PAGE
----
As you will notice, I have also done a lip sync pass as it is pretty unlikely Victor will ask for dramatic changes and it makes the shot a bit more presentable. Also… I love lip sync and close ups.
I am posting a Youtube version as it was quicker than Vimeo Vimeo version posted but the sound seems to be slightly offset despite uploading a huge uncompressed version.
I am currently in L.A. attending the incredible CTN Convention and it is a blast! I would recommend everyone to attend next year as it is a crazy event for people interested in Animated Features.
I got to meet and talk to so many exceptional people for the past two days. Among them was a great workshop with Corpse Bride character designer Carlos Grangel and tomorrow an other workshop with Sergio Pablos. I will probably write a full report in the next few weeks with pictures.
In the meantime, nothing to do with CTN but it is always a good time to post some French wacky animation. Check out that crazy episode from Cube creative/Blue spirit’s Kaeloo.
Strange I never talked about my ex coworker Robert Craig before. Bob is a Scottish 3d generalist with a great eye for lighting and rendering. I have worked with Bob on several projects at EA, amongst them was Spare Parts and he also rendered some of the marketing videos I animated.
Bob did a lot of great work on the Harry Potter game series, with all the constraints it entails, and I love his personal work as it immediately reminds me of what is being done in Feature Animation and especially at a studio in Emeryville.
His work has a very painterly feel and shows a great passion for light, no wonder he also loves oil painting.
Have a look at his CG Society profile page to see his latest work in high resolution and also his Vimeo channel for a breakdown of some of the shots (his game work is included as well).
With the closure of EA Brighlight in the UK, I think someone should quickly grab him while he is still, kind of, available!
As announced few days ago, a new trailer just came out. That one is not a teaser but a proper trailer for Pixar forthcoming feature “Brave”. The movie, directed by “The Incredibles” Story supervisor and “One Man’s band” director, Mark Andrews, is set to be released June 22th 2012 in the US and around August in the UK.
It is good to finally see those character designs in motion. The three Lords have so much character, it is great! We still haven’t seen the Wise woman though, I can’t wait!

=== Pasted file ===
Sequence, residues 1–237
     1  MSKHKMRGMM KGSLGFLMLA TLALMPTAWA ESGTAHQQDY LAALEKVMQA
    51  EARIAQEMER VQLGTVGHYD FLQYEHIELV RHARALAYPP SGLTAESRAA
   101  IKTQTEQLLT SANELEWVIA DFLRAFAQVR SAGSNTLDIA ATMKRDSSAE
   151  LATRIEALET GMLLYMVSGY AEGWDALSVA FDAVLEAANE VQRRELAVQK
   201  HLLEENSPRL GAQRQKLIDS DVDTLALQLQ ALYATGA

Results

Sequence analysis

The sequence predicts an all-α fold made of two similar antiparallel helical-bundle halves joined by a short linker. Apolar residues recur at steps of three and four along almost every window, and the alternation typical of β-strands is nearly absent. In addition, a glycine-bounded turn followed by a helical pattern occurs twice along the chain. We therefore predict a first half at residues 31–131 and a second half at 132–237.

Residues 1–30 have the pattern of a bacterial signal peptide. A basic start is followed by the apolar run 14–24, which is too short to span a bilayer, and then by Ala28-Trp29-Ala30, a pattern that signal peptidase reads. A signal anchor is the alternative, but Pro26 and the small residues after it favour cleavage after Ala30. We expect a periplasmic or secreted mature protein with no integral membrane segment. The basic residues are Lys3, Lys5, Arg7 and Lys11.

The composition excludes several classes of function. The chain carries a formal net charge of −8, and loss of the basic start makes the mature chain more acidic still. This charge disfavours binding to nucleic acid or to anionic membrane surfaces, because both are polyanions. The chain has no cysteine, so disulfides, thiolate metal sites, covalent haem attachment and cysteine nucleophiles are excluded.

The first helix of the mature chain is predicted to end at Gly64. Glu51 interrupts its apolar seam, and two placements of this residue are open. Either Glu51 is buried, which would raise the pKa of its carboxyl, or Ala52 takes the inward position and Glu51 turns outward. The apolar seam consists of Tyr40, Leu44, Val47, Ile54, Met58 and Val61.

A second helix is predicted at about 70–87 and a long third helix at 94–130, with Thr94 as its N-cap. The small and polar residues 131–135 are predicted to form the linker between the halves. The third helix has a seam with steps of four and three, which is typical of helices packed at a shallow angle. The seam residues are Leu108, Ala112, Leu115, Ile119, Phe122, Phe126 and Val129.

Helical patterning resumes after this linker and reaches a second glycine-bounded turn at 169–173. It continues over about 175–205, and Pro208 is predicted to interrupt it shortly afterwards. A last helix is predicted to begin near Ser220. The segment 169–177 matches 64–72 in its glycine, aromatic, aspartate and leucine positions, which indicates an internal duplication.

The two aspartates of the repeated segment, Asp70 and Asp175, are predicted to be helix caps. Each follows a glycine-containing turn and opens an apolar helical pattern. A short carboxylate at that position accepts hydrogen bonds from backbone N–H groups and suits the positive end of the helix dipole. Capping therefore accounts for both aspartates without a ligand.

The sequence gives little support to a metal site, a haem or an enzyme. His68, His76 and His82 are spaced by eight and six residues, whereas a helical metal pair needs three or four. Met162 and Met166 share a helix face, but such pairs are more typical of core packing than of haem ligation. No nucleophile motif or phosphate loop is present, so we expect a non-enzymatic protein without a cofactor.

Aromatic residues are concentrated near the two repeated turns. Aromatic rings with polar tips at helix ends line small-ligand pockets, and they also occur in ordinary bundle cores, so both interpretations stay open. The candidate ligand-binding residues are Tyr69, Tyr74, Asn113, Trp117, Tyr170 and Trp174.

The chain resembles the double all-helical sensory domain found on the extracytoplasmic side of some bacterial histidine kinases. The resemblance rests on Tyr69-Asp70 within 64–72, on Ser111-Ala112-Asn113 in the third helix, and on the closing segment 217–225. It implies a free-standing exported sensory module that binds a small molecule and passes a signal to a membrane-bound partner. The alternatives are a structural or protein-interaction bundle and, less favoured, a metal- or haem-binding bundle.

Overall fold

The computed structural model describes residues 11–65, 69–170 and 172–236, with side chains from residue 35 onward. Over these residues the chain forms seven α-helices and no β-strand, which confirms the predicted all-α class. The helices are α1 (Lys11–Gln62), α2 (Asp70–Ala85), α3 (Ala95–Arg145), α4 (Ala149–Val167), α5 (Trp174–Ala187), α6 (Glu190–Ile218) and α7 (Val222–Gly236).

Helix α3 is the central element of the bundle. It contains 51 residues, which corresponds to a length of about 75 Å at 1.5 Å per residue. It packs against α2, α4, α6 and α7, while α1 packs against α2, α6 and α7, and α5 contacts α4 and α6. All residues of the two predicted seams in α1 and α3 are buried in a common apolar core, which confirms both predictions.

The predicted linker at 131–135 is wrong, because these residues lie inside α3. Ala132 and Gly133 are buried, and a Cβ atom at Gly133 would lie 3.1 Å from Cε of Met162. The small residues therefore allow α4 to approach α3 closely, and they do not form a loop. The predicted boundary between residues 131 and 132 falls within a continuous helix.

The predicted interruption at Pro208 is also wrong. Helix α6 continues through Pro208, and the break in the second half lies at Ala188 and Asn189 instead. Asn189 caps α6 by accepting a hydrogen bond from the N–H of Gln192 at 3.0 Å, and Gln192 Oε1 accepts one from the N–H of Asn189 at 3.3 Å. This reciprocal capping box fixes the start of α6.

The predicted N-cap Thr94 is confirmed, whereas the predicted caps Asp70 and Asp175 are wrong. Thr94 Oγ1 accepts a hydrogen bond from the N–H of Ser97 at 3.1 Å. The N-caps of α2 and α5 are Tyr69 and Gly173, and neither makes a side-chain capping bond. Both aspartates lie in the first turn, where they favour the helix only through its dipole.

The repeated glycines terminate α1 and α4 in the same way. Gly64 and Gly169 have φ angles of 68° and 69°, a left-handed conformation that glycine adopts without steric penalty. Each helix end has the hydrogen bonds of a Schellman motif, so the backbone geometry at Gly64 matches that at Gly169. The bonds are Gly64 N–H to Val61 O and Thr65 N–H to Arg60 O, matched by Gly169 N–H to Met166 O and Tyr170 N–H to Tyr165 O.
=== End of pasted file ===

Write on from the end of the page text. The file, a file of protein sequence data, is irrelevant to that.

The accent is a bit strange I am finding, some of the characters seem more Irish I feel. Oh well.
If you want to see some high resolution pictures, check out my latest “Brave” post below.
A new “Brave” trailer should be hitting the theatres and our computer screens tomorrow. In the meantime, here is a series of shots from the movie.
Hit the following links for higher resolution pictures:
On a side note, I wasn’t too far off with my modeling and the hair on Lord Macintosh is looking really fun.
Browsing Youtube is usually the best way to waste your time and kill your productivity but once in a while some great references emerge.
Check out that collection of Kids reactions when they ear their parents ate all their Halloween candies. It is hilarious and a precious reference to animate similar shots.
Take – video reference
I mentioned that great interview with Pixar animator Aaron Hartline a while back but loads of people seem to have missed it.
Make sure you watch it this time as it is really good.
Aaron was a Blue Sky senior animator until he finally made his dream true after years of effort and attempts despite many hurdles. A great lesson on persistence.
You might as well be interested in watching the following interview I just found:
Pencil Kings recently spoke with Art Directors, Animation Supervisors, Layout Designers, etc. from the most notable studios in the world. Pixar, Walt Disney, Sony Imageworks and Blue Sky Studios were all represented and some of their top artists provide insight and share their story on what it took to reach the top of their profession.
Aaron is currently a tutor at Animation Collaborative.